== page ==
Hearing a little about Villeneuve’s eyesight of the Beast’s backstory can help you get an impression of precisely how labyrinthine the plot of the initial story happens to be. In Villeneuve’s version, the Beast is fatherless, and his mother left him alone in the treatment of a witch while she went off to visit protect their kingdom. Unfortunately for everybody, the witch decided to try and seduce the Beast once he was of age, and got so irritated when he refused that she transformed him into some kind of weird animal. Transformations, in Villeneuve’s tale, were pretty par for the course; she also gets into into a more elaborate explanation of fairies transforming into serpents to gain power to combat off other fairies, which got cut from later version understandably. – but it probably doesn’t strike modern readers as a triumph.
Her tireless parenting means her kid is also tipped to signify Britain at ice-skating in the 2022 Olympics. But if that’s not enough, in the beginning of the series Hayley said she wanted him to win Child Genius to prove he is clever as well as musical and athletic. Didn’t Hayley baulk at the uncomfortable scene in which she is shown dismissing her son’s anxieties as he prepares to play Bach? When the tiny boy, bugged-eyed with terror, whispers ‘Mummy, I’m worried’, she corrects him – in a way which is clearly meant to say the show will continue: ‘No! But also for Hayley it’s all area of the job.
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‘Curtis actually wasn’t frightened, he was only a little nervous because everyone was standing very close to him,’ she reassures me afterwards. Within its justification for Child Genius, Channel 4 has claimed the series is a ‘celebration of cleverness’. Repeatedly, the voice-overs try to supply the veneer of intellectual respectability with reminders that the series has been manufactured in association with Mensa, the high IQ culture as if that makes it Fine -.
But if Child Genius really aims to make it ‘cool to be clever’, why do the cameras home in so on the social awkwardness of some of the rivals unsparingly? Advanced intellectual growth often comes at the cost of emotional and social development – as the programme-makers are all too keen to show. No wonder instructors have asked why, when some of the children have behavioural clearly, social or emotional difficulties, there has been any mention of these conditions hardly? Last night, week the pressure had caused Eleanor the programme crowed that the previous, 12, to break down before she even made it to the podium. Yet here she again was.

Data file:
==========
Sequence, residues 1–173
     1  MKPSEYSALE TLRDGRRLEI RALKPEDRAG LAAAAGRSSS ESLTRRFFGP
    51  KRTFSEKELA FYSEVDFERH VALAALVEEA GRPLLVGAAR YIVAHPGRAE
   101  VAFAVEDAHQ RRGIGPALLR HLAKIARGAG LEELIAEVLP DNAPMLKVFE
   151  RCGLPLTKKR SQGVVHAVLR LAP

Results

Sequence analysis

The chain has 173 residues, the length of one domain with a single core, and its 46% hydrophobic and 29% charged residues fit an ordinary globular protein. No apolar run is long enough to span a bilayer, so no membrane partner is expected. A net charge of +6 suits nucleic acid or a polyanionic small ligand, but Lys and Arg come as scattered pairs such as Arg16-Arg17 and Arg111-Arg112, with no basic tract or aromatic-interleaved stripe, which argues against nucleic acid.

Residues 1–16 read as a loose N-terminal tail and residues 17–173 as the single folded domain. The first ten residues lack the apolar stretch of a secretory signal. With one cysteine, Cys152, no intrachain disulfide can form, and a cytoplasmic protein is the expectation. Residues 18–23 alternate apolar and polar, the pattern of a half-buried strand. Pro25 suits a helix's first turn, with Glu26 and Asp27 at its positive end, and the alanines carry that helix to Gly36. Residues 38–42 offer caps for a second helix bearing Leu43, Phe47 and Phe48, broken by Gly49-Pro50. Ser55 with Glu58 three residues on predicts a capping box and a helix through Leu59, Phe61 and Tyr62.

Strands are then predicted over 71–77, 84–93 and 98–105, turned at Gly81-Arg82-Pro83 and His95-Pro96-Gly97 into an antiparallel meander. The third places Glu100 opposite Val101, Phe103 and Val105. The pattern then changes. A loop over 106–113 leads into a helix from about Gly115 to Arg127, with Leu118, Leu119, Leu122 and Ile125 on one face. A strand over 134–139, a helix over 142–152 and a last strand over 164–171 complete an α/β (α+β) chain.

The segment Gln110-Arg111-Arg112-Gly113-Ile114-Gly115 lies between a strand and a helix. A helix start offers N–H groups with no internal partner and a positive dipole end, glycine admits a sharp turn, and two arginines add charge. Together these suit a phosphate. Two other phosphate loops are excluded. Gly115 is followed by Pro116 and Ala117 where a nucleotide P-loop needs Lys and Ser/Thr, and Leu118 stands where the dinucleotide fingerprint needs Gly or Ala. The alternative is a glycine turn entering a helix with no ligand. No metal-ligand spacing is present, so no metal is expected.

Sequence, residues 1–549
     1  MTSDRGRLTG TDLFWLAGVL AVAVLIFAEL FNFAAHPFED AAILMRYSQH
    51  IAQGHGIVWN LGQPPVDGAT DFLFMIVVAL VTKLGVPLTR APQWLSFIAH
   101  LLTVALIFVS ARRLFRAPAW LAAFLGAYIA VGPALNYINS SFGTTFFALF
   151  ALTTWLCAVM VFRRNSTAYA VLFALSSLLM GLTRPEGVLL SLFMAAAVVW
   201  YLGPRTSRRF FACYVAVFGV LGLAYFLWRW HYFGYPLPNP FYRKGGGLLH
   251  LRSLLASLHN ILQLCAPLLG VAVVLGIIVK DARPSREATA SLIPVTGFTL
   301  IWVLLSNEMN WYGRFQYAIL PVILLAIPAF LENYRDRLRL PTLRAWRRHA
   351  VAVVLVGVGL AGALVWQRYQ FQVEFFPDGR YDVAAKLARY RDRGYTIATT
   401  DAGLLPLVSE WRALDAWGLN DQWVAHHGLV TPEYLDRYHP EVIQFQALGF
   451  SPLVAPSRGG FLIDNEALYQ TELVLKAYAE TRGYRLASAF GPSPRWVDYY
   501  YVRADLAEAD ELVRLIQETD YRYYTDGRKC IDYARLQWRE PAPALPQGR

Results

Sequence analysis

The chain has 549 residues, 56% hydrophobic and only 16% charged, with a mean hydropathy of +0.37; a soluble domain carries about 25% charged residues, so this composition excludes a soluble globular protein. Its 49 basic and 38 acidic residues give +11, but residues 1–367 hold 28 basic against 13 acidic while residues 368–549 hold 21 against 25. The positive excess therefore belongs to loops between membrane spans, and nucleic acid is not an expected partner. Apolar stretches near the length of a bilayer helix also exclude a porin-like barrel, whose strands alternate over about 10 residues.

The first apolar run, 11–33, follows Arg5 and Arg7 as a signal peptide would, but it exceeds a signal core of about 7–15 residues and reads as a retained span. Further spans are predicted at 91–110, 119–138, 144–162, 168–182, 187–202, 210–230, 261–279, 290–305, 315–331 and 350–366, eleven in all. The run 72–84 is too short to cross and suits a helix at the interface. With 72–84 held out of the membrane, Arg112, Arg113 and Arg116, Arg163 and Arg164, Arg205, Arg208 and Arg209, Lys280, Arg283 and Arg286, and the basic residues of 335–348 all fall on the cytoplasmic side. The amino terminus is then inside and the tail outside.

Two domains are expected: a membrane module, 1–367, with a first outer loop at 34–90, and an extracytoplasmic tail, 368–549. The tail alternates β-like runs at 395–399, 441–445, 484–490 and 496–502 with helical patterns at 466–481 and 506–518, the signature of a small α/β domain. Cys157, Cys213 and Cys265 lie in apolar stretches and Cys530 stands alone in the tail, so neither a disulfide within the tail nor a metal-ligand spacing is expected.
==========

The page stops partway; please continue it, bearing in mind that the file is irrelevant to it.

Eleanor, month an obsessive book-reader who devours 100 books a, may have picked up her first Dickens book at the age of five. But she shows the kind of extreme black-or-white thinking that children with uneven emotional development often show. Advanced intellectual growth often comes at the expense of emotional and social development Eleanor’s mother claimed she didn’t want her daughter to take part in your competition, but that Eleanor had applied herself.
The youngster certainly displays an almost desperate determination to achieve success, detailing: ‘If you don’t do well on Child Genius, you get kicked out of the round. If you don’t do well at the A-levels, you don’t get a place at a good school. If you don’t enter a good university, you don’t get a good job.
So was it any shock that once again, after being flummoxed by the first few questions in the overall knowledge circular, her lip starts to wobble? When the stern-looking quiz get good at posed a hard question on chemistry, Eleanor’s face crumpled. Then her voice faded to a squeak before she dissolved into sobs and her mother had to take her away.
As one reviewer put it, this is the kind of TV that ‘makes you feel mucky for watching it’. Finally, night the elephant in the area was addressed with the introduction of 12-year-old Cuneyd last, from North London, who has Asperger’s syndrome. At one point, he could be pictured striking his head against a locker at school before dealing with his fellow pupils about the condition. One of the effects is that Cuneyd challenges with words and their meanings.